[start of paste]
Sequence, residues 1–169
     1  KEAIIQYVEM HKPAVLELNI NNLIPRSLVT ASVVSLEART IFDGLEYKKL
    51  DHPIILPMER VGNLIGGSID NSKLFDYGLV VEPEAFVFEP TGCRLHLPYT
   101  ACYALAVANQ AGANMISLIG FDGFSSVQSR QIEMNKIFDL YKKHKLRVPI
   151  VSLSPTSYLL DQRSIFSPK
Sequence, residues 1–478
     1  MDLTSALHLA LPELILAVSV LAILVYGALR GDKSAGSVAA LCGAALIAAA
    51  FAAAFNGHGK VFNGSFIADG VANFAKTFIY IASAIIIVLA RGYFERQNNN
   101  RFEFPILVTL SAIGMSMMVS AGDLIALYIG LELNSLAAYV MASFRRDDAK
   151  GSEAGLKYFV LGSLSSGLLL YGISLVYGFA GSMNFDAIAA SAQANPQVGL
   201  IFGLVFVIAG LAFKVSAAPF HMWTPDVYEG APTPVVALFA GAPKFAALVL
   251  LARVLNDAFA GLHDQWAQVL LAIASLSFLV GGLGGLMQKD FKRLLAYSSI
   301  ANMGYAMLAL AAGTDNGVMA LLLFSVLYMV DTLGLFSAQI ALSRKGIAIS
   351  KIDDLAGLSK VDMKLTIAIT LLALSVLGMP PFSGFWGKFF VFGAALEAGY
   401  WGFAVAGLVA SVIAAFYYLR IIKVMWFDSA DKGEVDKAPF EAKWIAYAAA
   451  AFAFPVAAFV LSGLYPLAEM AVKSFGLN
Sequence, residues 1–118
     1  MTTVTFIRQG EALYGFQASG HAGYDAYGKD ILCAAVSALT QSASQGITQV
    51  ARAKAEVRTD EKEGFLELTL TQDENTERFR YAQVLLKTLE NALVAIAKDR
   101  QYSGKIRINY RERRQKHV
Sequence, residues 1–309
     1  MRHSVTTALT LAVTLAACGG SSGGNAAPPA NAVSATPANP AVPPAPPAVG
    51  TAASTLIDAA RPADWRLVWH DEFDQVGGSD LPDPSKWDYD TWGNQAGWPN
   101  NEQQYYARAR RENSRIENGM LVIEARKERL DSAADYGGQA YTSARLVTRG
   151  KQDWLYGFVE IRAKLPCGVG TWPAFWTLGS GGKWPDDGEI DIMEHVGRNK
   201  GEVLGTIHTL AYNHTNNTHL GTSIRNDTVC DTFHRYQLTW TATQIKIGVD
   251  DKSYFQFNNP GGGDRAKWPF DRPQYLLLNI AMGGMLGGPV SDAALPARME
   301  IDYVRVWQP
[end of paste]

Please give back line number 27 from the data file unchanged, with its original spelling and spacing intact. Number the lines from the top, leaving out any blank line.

   251  DKSYFQFNNP GGGDRAKWPF DRPQYLLLNI AMGGMLGGPV SDAALPARME